Thursday, 3 December 2020

Questions (12, 34, 53)

Emer Higgins

Question:

12. Deputy Emer Higgins asked the Minister for Social Protection the steps she is taking to combat youth unemployment; and if she will make a statement on the matter. [39723/20]

View answer

Neale Richmond

Question:

34. Deputy Neale Richmond asked the Minister for Social Protection the steps her Department is taking to combat youth unemployment; and if she will make a statement on the matter. [39964/20]

View answer

Jennifer Carroll MacNeill

Question:

53. Deputy Jennifer Carroll MacNeill asked the Minister for Social Protection the measures under way in her Department to tackle youth unemployment and to support young persons affected by the Covid-19 pandemic; and if she will make a statement on the matter. [39999/20]

View answer

Oral answers (8 contributions) (Question to Social)

Can the Minister imagine being told this time last year that she would have to wear a face mask when walking down Grafton Street? The changes we have seen, including in our economy, have been unbelievable. This time last year, our unemployment rate was at just 5%, meaning that 95% of people were working. Today, the number on the PUP is three and a half times that unemployment rate, with half of them being young people. What are we doing to support our young people and reactivate the youth labour market?

I propose to take Questions Nos. 12, 34 and 53 together.

We know from past recessions that young people tend to be disproportionately impacted by any labour market shock. This is because many employers operate a last in, first out protocol when reducing their labour forces and young people tend to work in occupations and sectors that are most immediately affected by economic downturns, for example, retail and hospitality.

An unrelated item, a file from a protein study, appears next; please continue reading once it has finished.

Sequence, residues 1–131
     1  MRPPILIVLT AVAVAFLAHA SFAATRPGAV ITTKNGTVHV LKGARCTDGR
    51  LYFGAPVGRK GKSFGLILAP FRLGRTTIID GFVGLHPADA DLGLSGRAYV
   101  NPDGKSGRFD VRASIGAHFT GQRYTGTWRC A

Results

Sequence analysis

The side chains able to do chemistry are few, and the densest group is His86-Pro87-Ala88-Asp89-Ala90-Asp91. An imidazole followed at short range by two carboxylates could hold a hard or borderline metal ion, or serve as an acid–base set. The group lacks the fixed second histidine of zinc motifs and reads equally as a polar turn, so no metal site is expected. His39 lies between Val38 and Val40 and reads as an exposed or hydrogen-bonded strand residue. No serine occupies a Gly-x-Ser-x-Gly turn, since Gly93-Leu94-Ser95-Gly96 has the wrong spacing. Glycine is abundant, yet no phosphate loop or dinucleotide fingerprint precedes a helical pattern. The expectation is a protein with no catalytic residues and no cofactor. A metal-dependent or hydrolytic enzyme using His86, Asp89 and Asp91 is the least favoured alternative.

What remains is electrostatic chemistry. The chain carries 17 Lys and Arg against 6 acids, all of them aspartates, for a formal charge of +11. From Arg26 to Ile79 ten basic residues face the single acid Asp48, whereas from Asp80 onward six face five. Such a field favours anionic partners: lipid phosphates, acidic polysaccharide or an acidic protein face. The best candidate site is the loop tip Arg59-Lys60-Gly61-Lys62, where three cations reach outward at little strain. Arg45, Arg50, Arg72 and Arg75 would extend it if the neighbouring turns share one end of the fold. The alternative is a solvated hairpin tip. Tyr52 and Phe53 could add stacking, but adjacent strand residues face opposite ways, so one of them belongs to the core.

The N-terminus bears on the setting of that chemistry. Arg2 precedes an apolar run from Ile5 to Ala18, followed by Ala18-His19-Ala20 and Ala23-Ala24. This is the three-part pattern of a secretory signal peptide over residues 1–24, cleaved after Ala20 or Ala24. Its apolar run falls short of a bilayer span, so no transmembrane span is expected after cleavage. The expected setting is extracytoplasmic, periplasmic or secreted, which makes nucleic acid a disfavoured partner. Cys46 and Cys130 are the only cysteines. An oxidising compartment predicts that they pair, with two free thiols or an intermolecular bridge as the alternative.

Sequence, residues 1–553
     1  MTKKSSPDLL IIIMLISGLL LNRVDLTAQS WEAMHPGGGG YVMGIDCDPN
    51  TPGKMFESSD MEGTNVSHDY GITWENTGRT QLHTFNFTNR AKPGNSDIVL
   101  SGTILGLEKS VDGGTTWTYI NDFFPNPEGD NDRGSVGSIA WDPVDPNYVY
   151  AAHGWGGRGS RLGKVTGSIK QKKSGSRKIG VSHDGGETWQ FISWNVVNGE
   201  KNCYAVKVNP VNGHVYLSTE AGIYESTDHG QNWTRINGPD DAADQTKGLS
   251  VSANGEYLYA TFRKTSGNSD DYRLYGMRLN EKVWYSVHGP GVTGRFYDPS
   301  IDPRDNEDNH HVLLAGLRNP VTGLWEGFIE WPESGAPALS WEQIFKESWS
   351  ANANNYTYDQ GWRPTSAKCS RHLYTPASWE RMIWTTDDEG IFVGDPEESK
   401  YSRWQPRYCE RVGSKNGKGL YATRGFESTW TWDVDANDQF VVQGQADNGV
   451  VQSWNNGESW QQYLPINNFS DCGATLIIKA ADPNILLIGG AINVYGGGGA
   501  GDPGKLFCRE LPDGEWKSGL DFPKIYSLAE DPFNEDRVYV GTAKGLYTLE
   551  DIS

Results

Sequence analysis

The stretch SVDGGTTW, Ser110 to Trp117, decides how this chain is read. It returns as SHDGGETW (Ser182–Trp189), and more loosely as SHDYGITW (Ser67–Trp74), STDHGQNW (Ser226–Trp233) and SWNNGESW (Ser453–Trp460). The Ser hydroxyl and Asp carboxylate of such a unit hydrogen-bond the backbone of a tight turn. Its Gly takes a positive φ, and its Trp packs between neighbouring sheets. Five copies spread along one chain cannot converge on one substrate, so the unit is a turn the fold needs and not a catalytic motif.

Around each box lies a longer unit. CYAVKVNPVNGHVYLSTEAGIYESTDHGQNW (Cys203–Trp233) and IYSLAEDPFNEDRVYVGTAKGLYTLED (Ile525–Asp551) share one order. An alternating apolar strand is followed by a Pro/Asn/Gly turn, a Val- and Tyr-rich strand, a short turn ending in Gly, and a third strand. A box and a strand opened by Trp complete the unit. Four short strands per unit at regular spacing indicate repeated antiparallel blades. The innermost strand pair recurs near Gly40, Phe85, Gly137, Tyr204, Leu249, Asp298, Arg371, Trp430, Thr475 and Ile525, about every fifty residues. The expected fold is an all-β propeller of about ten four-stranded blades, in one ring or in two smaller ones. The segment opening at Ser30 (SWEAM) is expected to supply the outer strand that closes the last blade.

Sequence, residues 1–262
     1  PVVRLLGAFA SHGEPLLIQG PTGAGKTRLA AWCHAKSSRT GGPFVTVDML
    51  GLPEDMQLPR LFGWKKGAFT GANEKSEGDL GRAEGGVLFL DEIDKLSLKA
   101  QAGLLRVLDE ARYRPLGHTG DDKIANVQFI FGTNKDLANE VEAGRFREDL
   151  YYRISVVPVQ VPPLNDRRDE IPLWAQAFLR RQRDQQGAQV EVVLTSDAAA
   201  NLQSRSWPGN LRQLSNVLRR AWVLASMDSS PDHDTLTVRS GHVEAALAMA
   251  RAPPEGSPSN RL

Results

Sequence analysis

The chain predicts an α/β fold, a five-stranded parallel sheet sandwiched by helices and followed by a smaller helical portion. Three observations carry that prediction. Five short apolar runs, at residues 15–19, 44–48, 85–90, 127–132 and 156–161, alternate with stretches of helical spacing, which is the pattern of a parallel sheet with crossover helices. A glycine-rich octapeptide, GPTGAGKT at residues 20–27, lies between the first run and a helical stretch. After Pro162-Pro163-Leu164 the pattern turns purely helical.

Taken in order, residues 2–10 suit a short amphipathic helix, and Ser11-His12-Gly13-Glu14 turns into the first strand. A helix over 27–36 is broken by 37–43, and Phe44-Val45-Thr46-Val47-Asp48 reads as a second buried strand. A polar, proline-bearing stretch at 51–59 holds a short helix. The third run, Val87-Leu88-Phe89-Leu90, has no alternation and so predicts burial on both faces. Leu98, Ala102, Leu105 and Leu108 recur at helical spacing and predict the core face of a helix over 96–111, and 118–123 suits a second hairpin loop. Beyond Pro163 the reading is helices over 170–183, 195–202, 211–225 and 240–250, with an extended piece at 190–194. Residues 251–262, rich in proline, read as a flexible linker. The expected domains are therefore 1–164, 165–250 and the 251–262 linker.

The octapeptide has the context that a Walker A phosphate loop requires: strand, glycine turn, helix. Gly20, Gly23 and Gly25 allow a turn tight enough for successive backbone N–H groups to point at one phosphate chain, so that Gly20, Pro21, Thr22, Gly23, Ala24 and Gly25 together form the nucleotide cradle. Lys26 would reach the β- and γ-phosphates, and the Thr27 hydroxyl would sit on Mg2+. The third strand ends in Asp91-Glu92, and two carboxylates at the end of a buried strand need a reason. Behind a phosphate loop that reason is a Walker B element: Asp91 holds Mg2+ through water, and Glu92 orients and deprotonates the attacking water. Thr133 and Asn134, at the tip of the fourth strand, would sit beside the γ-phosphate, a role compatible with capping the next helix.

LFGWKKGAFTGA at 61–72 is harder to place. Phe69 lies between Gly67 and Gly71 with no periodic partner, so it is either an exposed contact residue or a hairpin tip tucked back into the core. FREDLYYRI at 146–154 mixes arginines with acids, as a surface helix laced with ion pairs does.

Research recently published by my Department shows that the impact of the Covid-19 pandemic has been no different. Youth unemployment stood at just over 10% in quarter 1 of 2020 based on the labour force survey data, with approximately 20,000 under-25s on the live register. By quarter 3 of 2020, these figures had increased to 20% and 25,000, respectively. By the end of October, and if we include PUP recipients, more than 45% of young people in the labour force were unemployed. However, it is important to note that the Government extended access to the PUP to students who worked part time. As a consequence, one in four of those in receipt of PUP and under 25 years of age have self-certified as students. Using internationally recognised standards set by the International Labour Organization, these students would not normally be considered or counted as unemployed.

While young people are disproportionately affected, we know from past recessions that youth unemployment levels typically fall quickly once economic activity resumes. However, the evidence also shows that some young people will remain disconnected from employment and that those who cannot find their footing again tend to suffer permanent scarring effects, with unemployment and social isolation becoming entrenched.

We are taking a number of important steps to create opportunities and options to help young people get back to work. My Department and the Department of Further and Higher Education, Research, Innovation and Science are developing a range of support measures to assist young people. Measures announced under the July jobs stimulus package to combat unemployment include expanding the capacity of Intreo centres to provide enhanced employment services and supports with the assignment of 100 job coaches; expanding the benefit of the JobsPlus recruitment subsidy to employers who hire young people from the live register; providing 35,000 new places in further and higher education courses; providing incentives to employers to take on more apprentices through the provision of a grant of €3,000 to employers for each new apprentice recruited; and facilitating access to the back to education allowance and the back to work enterprise allowance to those displaced by the pandemic by waiving the usual qualifying period. My Department is also developing a new work experience placement programme for those out of work for at least six months to encourage employers to provide jobseekers with the necessary workplace skills to compete in the labour market, thereby helping to break the vicious circle of no job without experience, no experience without a job. I expect to launch the programme in early 2021, subject to public health restrictions.